Is that kind of like "jihad" is simply a spiritual struggle?
29 weeks ago
29 weeks ago Link To Comment
You have to read the context:
..............
whoever has no sword is to sell his coat and buy one....
They said, “Lord, look, here are two swords.” And He said to them, “It is enough.”
.................

Obviously, the disciples showed Jesus two written down words, and that was enough.

You're really bad at scripture reading, you know. You'll never get anywhere learning about Jesus by reading what he actually said. You need true believers to interpret it for you.
29 weeks ago
29 weeks ago Link To Comment
I know from Luther onwards everyone is a Theologian and so there is "free interpretation" but Scripture is a serious matter. I invite you to read a good book of hermeneutics, educate yourself on the matters you are interested in debunking AND THEN do the debunking. Otherwise your arguments are wasted. Religion is part of the life of mankind from the beginning and it has begotten many good things you enjoy now: philosophy (you need to study that too,) universities, many principles of science. People obviously more intelligent than you are, like Newton, Georges LeMaitre, Einstein were all believers. Meditate about it and don't make a fool of yourself just throwing the same old canards. We Jews and Christians have been around for 40 centuries: you'll need more than a cheap half-a$$ed argument to tear down that house. Stop reading Hawkings, Dennett, Peter Hitchens & co. and start reading hard philosophy, thinking strategies, physics, mathematics. Any of them can help you advance your argument if you are right. Get serious because if you are wrong, man... what a pity.
29 weeks ago
29 weeks ago Link To Comment
Reference, please, as to where He made the exception to family and community, or country, thanks
29 weeks ago
29 weeks ago Link To Comment
Book of Armaments, Chapter 2, verses 9-21
29 weeks ago
29 weeks ago Link To Comment
Sorry, the book of armaments thing was just snark. Here's the actual scripture with the exception for defending families:

........... Luke 14:26 ...........
If any man come to me, and hate not his father, and mother, and wife, and children, and brethren, and sisters, yea, and his own life also, he cannot be my disciple.
29 weeks ago
29 weeks ago Link To Comment
the original meaning in that case is "love less" and not the modern "hate"
29 weeks ago
29 weeks ago Link To Comment
I don't know what Jesus would do, but I believe he would have a hard time sorting which side was absent of evil. What would Jesus do if he had believed that a large percentage of the people wanting to overthrow Rome had essentially the same character and intent as the Romans? And what if it was most probable that the most violent, intolerant faction would be the inevitable successors to Roman rule?
Looking back at our civil war, whether you believe or not that the real reason for fighting was slavery or states rights, we can all look back and agree on the fact that one side supported slavery and one did not; and that in itself makes a clear moral distinction between sides. Roman oppression and persecution were equally distinct from the alternatives - Christians weren't seeking to rule or assume power, they just wanted to be left alone. I believe Jesus would have a harder time finding a moral justification to help the rebels than he did to oppose Rome; if I had to guess I would guess he would urge those who could to help the innocent - get out of Syria, take refuge, or whatever they could, and leave the fight for control to Al Qaeda and Assad.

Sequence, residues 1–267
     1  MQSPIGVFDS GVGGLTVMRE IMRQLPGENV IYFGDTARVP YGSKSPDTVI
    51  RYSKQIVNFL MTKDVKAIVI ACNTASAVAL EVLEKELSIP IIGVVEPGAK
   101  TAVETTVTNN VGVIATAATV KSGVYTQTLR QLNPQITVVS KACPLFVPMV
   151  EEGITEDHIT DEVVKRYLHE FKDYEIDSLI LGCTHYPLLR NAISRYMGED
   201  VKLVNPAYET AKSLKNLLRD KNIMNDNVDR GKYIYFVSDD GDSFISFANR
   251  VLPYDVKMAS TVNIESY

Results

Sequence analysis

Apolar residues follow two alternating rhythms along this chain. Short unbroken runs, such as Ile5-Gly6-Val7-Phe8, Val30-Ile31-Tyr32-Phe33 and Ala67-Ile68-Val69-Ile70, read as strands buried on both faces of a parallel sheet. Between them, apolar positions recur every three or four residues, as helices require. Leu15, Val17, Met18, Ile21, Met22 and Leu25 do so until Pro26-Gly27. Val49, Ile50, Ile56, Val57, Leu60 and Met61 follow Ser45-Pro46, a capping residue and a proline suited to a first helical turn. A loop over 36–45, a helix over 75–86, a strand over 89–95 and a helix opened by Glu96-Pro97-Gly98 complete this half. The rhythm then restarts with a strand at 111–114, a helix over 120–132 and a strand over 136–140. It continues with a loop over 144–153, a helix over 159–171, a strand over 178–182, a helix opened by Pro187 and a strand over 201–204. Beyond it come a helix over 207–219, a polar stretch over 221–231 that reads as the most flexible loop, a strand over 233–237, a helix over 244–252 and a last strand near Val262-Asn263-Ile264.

29 weeks ago
29 weeks ago Link To Comment
Jesus simply didn't care about overthrowing Rome, it wasn't on His agenda. Rome was a tool that He used to impose peace and a common language on a large enough percentage of the world so that His Gospel and the new Church could safely establish itself. Remember, Jesus doesn't care about morality; no-one is moral enough.

As for the U.S. Civil War, as the play "1776" points out, secession and slavery were inextricably intertwined. Study the history of the time, I recommend "Team of Rivals: The Political Genius of Abraham Lincoln" by Doris Kearns Goodwin as an excellent review of the complexity of the subject.
29 weeks ago
29 weeks ago Link To Comment
I disagree with your statement "esus simply didn't care about overthrowing Rome". He did. In Matthew 16:13-20 Jesus gets the 12 together and reveals to them as the Messiah. He names a "steward" using the royal formula of the Kings of Israel. The place he chooses is Roman, he tells the 12 they are going to defeat the Roman gods. In time Rome fell, the Church took the Imperial Purple, the City of the Caesars, the "mount of the prophecies" (Mons Vaticanus) all for herself. Finally in the style of ancient conquerors, Christ cut the Emperor's tongue--in a symbolic way of course: Latin survives only in the Church as an official language. Christ conquered Rome utterly destroying all of it forever as he promised in the Apocalypse. He did not do it the way others expected it but he did. Eventually He will conquer the whole world throwing the "Beast" (the Liberal Rebellion) and the "false prophet" (Islam) into the lake of fire of eternal destruction where the first beast (Rome) was already thrown. You will see it with your own eyes.
29 weeks ago
29 weeks ago Link To Comment